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1Adding or Subtracting Complex Numbers

2Multiplying Complex Numbers

3Dividing Complex Numbers

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**Co-authored by**Jake Adams

Last Updated: November 28, 2023Fact Checked

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A complex number is a number that combines a real portion with an imaginary portion. Imaginary is the term used for the square root of a negative number, specifically using the notation . A complex number, then, is made of a real number and some multiple of i. Some sample complex numbers are 3+2i, 4-i, or 18+5i. Complex numbers, as any other numbers, can be added, subtracted, multiplied or divided, and then those expressions can be simplified. You need to apply special rules to simplify these expressions with complex numbers.

Method 1

Method 1 of 3:

### Adding or Subtracting Complex Numbers

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1

**Add the real portions together.**Recognize that addition and subtraction are really the same process. Subtraction is nothing more than adding a negative number. Therefore, addition and subtraction are treated as versions of the same process. To add two or more complex numbers, first just add the real portions of the numbers together.^{[1]}- For example, to simplify the sum of (a+bi) and (c+di), first identify that a and c are the real number portions, and add them together. Symbolically, this will be (a+c).
- Using actual numbers instead of variables, consider the example of (3+3i) + (5-2i). The real portion of the first number is 3, and the real portion of the second complex number is 5. Add these together to get 3+5=8. The real portion of the simplified complex number will be 8.

2

**Add the imaginary portions together.**In a separate operation, identify the imaginary portions of each complex number and add them together.^{[2]}- For the algebraic example of (a+bi) plus (c+di), the imaginary portions are b and d. Adding these together algebraically gives the result (b+d)i.
- Using the numerical example of (3+3i) + (5-2i), the imaginary portions of the two complex numbers are 3i and -2i. Adding these gives the result of 1i, which can also be written just as i.

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3

**Combine the two parts to form the simplified answer.**To find the final simplified version of the sum, put the real part and the imaginary part back together. The result is the simplified sum of the complex numbers.^{[3]}- The sum of (a+bi) and (c+di) is written as (a+c) + (b+d)i.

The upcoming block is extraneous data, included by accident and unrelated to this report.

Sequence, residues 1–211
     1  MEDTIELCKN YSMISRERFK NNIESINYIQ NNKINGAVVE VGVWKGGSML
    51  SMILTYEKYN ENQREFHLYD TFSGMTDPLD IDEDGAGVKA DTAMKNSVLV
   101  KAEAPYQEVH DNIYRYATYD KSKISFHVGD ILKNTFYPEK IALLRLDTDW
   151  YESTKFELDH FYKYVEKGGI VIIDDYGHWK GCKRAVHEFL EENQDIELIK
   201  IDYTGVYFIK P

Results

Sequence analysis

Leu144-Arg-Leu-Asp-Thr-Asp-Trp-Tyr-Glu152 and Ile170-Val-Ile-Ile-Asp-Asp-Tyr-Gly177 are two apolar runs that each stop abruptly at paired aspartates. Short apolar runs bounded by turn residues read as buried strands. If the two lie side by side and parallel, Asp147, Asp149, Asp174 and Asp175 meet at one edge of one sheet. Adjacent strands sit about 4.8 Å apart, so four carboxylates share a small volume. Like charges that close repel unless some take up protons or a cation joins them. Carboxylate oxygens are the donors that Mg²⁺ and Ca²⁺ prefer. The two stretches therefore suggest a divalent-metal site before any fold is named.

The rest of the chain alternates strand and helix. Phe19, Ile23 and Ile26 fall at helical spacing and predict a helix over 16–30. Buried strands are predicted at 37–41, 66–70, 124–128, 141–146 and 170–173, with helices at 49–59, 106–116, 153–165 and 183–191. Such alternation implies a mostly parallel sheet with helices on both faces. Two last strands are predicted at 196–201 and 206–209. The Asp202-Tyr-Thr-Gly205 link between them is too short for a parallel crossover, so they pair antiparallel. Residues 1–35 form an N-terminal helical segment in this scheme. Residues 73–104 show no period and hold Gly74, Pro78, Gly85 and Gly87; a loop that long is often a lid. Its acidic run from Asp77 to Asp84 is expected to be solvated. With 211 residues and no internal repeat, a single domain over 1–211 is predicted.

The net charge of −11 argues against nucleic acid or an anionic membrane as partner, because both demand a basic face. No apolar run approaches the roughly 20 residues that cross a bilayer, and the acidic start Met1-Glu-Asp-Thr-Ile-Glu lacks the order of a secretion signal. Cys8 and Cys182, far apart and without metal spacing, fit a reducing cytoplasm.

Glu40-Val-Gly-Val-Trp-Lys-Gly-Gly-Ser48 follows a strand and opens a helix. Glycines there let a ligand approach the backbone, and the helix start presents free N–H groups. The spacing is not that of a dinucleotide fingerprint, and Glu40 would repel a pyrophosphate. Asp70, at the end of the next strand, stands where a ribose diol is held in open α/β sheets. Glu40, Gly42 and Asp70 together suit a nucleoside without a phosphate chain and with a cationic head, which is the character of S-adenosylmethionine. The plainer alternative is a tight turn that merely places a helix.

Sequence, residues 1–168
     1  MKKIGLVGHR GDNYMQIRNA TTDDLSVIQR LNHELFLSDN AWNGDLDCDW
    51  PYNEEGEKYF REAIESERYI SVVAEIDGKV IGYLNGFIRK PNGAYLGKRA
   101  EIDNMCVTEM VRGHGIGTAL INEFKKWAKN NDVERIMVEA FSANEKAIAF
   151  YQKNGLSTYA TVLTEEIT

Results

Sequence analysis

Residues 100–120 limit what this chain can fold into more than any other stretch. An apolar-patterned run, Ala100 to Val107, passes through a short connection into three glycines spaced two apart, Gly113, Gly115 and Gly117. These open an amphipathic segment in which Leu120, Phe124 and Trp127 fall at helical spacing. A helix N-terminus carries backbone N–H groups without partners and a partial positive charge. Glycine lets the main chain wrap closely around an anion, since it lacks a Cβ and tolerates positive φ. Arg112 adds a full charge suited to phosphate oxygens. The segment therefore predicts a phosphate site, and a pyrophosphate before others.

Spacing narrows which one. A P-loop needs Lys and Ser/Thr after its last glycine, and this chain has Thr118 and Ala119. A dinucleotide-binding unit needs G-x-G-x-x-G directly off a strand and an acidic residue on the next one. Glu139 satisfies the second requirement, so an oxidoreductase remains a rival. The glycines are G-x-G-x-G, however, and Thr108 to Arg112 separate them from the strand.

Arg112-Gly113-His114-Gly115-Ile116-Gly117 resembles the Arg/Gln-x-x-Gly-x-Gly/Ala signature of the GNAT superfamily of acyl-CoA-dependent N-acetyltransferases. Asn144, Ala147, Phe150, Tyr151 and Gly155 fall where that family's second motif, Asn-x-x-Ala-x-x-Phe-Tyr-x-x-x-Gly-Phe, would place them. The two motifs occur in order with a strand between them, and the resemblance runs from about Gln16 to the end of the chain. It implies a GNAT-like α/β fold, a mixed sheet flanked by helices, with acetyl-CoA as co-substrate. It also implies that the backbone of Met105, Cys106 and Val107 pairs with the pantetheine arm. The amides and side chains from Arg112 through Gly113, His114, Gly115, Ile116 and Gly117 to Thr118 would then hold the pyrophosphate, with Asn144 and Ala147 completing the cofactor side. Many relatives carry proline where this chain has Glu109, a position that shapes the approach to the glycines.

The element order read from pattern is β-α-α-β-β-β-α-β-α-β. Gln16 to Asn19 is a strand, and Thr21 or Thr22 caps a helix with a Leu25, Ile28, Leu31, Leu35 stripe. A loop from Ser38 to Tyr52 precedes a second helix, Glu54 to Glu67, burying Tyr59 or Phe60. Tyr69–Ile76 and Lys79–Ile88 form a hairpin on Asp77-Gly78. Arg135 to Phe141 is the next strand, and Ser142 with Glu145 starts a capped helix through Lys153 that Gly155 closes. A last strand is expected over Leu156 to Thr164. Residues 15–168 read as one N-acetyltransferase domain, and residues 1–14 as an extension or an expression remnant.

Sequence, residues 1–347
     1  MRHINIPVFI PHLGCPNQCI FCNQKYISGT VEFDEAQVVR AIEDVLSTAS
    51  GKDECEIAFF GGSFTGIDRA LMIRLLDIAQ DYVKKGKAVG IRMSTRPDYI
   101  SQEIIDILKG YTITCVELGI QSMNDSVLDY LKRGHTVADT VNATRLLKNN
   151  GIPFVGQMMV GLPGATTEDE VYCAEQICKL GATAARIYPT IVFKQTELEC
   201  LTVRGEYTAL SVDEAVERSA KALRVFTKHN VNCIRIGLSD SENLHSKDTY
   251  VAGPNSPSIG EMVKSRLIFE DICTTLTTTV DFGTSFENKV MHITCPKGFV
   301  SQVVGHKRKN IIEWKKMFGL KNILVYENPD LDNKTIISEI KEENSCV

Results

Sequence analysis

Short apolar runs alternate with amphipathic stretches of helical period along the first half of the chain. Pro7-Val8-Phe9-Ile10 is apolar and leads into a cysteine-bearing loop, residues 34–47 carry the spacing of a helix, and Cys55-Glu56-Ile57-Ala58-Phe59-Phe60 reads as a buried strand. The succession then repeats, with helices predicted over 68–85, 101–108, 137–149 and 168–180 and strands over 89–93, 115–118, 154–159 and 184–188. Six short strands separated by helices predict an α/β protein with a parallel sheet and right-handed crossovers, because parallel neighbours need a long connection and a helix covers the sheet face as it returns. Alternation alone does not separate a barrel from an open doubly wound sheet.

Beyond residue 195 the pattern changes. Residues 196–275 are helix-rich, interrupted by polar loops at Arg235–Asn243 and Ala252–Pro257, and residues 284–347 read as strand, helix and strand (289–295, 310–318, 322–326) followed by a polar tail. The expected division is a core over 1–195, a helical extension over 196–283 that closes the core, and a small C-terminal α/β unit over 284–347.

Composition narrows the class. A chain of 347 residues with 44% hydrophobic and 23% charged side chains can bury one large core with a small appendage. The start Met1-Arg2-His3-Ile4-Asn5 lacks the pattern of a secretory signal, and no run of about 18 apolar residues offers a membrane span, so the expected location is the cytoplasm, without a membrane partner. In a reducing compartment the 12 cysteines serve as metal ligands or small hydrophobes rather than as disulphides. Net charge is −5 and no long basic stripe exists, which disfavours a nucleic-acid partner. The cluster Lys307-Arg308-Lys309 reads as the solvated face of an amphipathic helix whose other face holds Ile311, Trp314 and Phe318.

- Applying the numerical example, the sum of (3+3i) + (5-2i) is 8+i.

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Method 2

Method 2 of 3:

### Multiplying Complex Numbers

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1

**Remember the F-O-I-L rule.**Looking at a complex number (a+bi) should remind you of binomials from Algebra or Algebra 2. Remember that to multiply binomials, you need to multiply each term of the first binomial by each term of the second. A shorthand version for doing this, is the F-O-I-L rule, which stands for “First, Outer, Inner, Last.” For an example of (a+b)(c+d), apply this rule as follows:^{[4]}- First. The F in FOIL means that you multiply the first term of the first binomial by the first term of the second binomial. For the sample, this would be a*c.
- Outer. The O in FOIL tells you to multiply the “outer” terms. These are the first term of the first binomial and the second term of the second binomial. For the sample, this would be a*d.
- Inner. The I in FOIL means to multiply the “inner” terms. These would be the two terms that appear in the middle, which are the second term of the first binomial and the first term of the second binomial. In the given example, the inner terms are b*c.
- Last. The L in FOIL represents the last terms of each binomial. For the sample expression, this would be b*d.
- Finally, add all four products together. The result for the sample binomial multiplication of (a+b)(c+d) is ac+ad+bc+bd.

2

**Apply the FOIL rule to complex number multiplication.**To multiply two complex numbers, set them up as the product of two binomials and apply the FOIL rule. For example, the product of the two complex numbers (3+2i)*(5-3i) works as follows:^{[5]}- First. The product of the first terms is 3*5=15.
- Outer. The product of the outer terms is 3*(-3i). This product is -9i.
- Inner. The product of the two inner terms is 2i*5. This product is 10i.
- Last. The product of the last terms is (2i)*(-3i). This product is -6i
^{2}. Recognize that i^{2}equals -1, so the value of -6i^{2}is -6*-1, which is 6.

3

**Combine the terms.**After applying the FOIL rule and finding the four independent products, combine them together to find the result of the multiplication. For the sample (3+2i)*(5-3i), the parts combine to give 15-9i+10i+6.^{[6]}4